In case you were thinking, "he's going to get through a blog post without linking to Sentencing Law and Policy," don't you feel silly now? Here, Doug Berman alerts us again that the first of two Federal Sentencing Reporter volumes on victims and sentencing is out and then links us to three good articles from it outlining much of the context and concerns. I need to give a shout out to one of the authors, Russell Butler, exec director of MD's Crime Victim Resource Center. You may remember the name from Russell's contribution on the right side of this blog, "So You Want to Be a Sentencing Commissioner?" As I noted then, Russell is one of the tireless heroes out there, getting good policy done for everyone, not just the victims he represents, unlike a lot of the demagogues I've run across in other states. He and his mentor, Roberta Roper, are a couple of the best people you'll run across in this business, personally and professionally, and I was pleased to serve on the Resource Center's board for them while I was in MD. I'd also like to make a couple of points to the theme of the issues as we begin to ponder seriously the role of victims in corrections sentencing policymaking. I would ask that we be very careful to guard against the false assumption that all victims want to make statements and all think the same, want the same vengeance. They don't.

I remember in OK, during its attempt at sentencing reform in the 1990s, a poll on the reform that actually had a question breaking respondents down between crime victims and non-crime victims. Their percentages of support for the reform and opposition were the same, with more support than opposition, despite the vocal opposition of their "representatives" who demanded to be heard at the sentencing commission's meeting. Another example--I personally was one of the OKC Bombing victims who didn't want the death penalty for Timothy McVeigh. I wanted him to rot in isolation with pictures of the kids in the day care center flashing in his cell for the rest of his life. If you just go by the statements and preferences of those types of reps, and not the Russells and Robertas, there's a real possibility for bias in application and due process of justice. For example, should a sentence be increased for an offender if, of 4 victims, 2 don't want the increase but make no statement but 2 do and are carefully marshalled by prosecutors to get the increase? MD is one of the few states to collect info on victim participation in sentencing on its guidelines worksheets, thanks to Roberta and Russell, and the initial analysis we did of it while I was there indicated that sentences might go up for sentences using impact statements, and go up more when the statement was vocal in court versus written. There are real dangers if this starts getting "gamed" the way so much of our "search for truth and justice" does.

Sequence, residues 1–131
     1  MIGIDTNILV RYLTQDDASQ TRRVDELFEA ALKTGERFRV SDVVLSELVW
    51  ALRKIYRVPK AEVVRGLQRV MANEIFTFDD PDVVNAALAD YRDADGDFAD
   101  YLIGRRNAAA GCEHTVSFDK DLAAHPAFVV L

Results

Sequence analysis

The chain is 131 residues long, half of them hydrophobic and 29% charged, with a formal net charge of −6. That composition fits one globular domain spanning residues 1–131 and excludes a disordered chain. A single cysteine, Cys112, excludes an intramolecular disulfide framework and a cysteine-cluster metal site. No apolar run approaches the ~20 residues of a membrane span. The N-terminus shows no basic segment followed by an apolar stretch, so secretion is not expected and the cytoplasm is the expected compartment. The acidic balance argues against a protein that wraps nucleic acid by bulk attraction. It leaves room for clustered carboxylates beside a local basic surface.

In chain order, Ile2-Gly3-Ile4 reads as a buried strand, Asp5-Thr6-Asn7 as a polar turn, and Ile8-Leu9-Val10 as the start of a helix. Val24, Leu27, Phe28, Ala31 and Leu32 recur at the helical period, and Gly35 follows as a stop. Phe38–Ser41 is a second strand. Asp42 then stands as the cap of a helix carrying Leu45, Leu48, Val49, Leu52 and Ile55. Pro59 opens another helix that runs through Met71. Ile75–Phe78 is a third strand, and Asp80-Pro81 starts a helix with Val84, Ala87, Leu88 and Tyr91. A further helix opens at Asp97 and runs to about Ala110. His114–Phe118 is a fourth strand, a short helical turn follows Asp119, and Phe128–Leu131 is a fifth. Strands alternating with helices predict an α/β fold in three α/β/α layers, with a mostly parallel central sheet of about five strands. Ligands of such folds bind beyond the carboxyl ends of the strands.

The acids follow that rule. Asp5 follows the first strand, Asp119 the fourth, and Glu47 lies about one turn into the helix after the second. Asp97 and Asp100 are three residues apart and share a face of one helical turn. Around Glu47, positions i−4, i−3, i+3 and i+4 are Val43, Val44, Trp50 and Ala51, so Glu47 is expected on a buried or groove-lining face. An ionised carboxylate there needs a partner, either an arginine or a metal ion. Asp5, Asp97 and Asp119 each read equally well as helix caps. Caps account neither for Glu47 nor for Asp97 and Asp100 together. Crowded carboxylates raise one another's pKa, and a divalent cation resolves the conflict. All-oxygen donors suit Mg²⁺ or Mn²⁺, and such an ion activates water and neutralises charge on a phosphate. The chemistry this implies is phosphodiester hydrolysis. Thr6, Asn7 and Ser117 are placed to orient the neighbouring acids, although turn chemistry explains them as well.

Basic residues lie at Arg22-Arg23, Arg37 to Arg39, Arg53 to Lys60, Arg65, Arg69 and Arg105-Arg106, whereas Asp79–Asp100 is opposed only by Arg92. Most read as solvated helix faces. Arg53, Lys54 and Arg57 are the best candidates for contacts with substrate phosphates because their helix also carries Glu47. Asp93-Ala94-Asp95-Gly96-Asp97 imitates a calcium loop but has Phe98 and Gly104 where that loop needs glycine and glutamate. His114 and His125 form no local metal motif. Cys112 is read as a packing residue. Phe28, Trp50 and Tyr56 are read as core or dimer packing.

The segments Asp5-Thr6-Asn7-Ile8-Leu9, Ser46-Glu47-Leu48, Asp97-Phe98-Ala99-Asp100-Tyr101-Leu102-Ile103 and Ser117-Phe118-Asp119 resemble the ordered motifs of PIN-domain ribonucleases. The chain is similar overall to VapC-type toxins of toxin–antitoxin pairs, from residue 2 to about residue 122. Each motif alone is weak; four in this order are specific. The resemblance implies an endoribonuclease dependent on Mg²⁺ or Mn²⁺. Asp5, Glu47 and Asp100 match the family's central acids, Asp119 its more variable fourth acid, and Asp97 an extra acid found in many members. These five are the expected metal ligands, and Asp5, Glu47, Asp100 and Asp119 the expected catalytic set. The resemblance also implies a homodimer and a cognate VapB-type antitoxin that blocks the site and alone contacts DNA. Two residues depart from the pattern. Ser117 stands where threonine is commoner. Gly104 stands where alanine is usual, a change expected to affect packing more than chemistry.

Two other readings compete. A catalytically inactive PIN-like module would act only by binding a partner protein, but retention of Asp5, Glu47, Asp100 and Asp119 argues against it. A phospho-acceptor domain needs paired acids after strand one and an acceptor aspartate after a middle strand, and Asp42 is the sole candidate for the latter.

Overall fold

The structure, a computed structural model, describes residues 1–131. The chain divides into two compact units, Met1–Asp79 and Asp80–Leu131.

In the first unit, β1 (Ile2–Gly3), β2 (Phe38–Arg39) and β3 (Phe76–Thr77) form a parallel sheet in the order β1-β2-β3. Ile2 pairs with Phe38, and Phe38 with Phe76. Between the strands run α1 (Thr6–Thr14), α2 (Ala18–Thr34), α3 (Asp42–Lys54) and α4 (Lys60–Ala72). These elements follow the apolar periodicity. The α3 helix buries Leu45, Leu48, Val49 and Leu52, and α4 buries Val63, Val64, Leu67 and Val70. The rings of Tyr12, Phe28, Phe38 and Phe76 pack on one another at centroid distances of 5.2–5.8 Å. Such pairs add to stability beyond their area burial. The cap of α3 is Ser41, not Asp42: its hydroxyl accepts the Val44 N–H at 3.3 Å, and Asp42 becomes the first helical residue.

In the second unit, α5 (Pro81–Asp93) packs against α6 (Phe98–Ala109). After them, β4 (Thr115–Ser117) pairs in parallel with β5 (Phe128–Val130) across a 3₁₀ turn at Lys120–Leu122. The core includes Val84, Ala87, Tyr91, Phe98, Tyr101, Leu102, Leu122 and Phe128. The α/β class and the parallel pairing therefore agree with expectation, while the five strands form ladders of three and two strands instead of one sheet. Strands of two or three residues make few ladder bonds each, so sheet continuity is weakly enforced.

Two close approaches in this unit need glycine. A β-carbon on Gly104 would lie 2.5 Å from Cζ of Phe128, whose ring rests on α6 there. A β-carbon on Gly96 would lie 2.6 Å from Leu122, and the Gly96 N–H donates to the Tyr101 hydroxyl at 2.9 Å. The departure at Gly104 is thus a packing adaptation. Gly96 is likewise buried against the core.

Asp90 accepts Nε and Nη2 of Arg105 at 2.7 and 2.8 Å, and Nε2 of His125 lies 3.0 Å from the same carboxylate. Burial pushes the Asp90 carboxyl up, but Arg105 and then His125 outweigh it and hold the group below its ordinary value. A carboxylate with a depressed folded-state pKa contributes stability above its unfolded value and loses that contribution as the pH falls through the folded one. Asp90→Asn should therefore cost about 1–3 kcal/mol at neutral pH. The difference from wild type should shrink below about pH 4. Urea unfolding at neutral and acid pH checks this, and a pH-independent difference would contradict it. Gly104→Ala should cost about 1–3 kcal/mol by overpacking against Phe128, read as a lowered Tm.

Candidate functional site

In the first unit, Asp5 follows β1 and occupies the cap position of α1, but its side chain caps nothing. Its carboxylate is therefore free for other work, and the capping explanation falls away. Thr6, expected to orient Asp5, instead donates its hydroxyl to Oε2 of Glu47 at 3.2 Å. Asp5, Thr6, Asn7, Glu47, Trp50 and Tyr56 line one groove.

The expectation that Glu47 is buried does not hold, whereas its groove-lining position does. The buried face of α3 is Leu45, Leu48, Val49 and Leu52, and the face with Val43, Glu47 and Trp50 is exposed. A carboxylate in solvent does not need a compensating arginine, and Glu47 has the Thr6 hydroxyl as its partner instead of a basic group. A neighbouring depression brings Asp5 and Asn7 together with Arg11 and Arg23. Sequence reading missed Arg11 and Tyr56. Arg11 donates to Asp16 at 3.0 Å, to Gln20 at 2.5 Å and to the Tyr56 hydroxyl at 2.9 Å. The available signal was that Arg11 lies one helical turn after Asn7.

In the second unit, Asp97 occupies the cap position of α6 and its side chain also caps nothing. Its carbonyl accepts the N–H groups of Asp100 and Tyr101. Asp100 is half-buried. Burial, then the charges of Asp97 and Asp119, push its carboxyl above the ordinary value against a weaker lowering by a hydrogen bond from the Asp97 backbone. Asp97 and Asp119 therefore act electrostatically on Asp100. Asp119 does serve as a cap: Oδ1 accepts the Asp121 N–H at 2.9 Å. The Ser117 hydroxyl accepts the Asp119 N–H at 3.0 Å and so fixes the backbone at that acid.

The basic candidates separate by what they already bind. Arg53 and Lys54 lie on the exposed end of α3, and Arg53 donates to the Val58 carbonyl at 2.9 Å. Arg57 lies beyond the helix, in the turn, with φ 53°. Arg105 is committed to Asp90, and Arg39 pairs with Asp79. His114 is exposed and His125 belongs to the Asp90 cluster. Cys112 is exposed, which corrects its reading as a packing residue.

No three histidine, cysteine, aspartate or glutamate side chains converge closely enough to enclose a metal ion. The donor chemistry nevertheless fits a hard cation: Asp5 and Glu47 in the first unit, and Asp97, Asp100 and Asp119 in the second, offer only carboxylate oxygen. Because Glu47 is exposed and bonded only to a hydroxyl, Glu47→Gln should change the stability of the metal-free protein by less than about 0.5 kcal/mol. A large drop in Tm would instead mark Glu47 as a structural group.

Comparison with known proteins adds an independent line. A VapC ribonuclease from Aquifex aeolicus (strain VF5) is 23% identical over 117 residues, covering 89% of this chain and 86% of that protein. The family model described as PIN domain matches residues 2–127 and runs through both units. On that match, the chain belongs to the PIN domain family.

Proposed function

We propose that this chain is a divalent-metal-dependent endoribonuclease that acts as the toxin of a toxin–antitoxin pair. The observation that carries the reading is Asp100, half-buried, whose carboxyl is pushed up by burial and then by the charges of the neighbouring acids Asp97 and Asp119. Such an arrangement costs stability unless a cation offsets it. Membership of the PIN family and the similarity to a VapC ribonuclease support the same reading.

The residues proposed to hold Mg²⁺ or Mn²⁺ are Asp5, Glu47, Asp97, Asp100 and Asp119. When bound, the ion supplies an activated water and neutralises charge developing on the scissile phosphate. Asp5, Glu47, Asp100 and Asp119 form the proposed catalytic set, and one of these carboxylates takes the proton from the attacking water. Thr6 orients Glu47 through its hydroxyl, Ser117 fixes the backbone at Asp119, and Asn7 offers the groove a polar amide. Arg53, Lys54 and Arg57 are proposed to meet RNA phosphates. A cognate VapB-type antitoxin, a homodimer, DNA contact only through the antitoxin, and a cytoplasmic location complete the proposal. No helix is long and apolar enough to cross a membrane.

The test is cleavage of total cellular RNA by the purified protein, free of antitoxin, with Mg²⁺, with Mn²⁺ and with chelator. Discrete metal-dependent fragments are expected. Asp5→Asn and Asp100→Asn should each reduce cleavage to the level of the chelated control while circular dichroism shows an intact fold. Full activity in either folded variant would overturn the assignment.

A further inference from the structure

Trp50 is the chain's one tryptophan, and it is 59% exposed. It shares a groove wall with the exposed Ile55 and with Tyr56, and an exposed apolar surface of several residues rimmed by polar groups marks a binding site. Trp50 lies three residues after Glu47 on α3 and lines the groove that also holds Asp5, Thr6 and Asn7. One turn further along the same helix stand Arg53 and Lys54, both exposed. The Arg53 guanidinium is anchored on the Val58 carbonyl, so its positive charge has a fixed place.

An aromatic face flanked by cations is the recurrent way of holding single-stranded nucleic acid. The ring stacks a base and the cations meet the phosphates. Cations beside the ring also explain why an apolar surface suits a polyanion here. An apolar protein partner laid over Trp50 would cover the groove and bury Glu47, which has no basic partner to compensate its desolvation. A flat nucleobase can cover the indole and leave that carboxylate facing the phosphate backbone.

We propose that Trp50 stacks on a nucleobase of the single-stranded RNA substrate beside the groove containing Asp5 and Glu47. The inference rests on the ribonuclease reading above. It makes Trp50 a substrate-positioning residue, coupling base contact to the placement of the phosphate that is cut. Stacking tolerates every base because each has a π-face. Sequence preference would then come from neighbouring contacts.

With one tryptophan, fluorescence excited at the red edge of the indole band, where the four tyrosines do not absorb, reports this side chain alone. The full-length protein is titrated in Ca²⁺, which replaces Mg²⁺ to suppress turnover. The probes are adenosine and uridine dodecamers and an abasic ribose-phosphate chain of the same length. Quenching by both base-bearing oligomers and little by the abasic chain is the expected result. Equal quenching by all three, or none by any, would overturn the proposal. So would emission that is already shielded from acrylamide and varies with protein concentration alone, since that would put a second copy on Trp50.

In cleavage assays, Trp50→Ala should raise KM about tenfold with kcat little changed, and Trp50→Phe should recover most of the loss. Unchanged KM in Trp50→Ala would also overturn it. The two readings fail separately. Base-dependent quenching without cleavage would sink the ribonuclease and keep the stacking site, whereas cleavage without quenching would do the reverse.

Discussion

Here's another thing to watch for as well. There's an assumption, because the camera-seeking victims' "reps" are often side-by-side with hardline DAs in policy events, all of both groups are joined at the hip on policy positions. However, when many victims are interested in and supportive of restorative justice and/or might support lesser sentences out of religious belief, knowledge of their own culpability, or whatever, you'll frequently see them split. I worked with some of the victims rights reps in DAs offices, the folks who keep the victims informed and involved, and many of them had at best tolerant attitudes about their office placement, saying few there were interested or even helpful except in the few cases in which DAs really wanted/needed the impact statements or other cooperation to get their convictions.

To those of you planning to involve victims' groups in policymaking and to make fair rules for their involvement in the sentencing process, listen to the Russells and the Robertas and keep them separated from those who only support their involvement when it suits their cases or policy preferences. As the three articles Doug links to each make clear, this is a fluid time in victim participation. The right people are there to get it done well, and they have skills to see that it is. Let's not cripple them by associating them literally or figuratively with people who really don't have all victims interests at heart.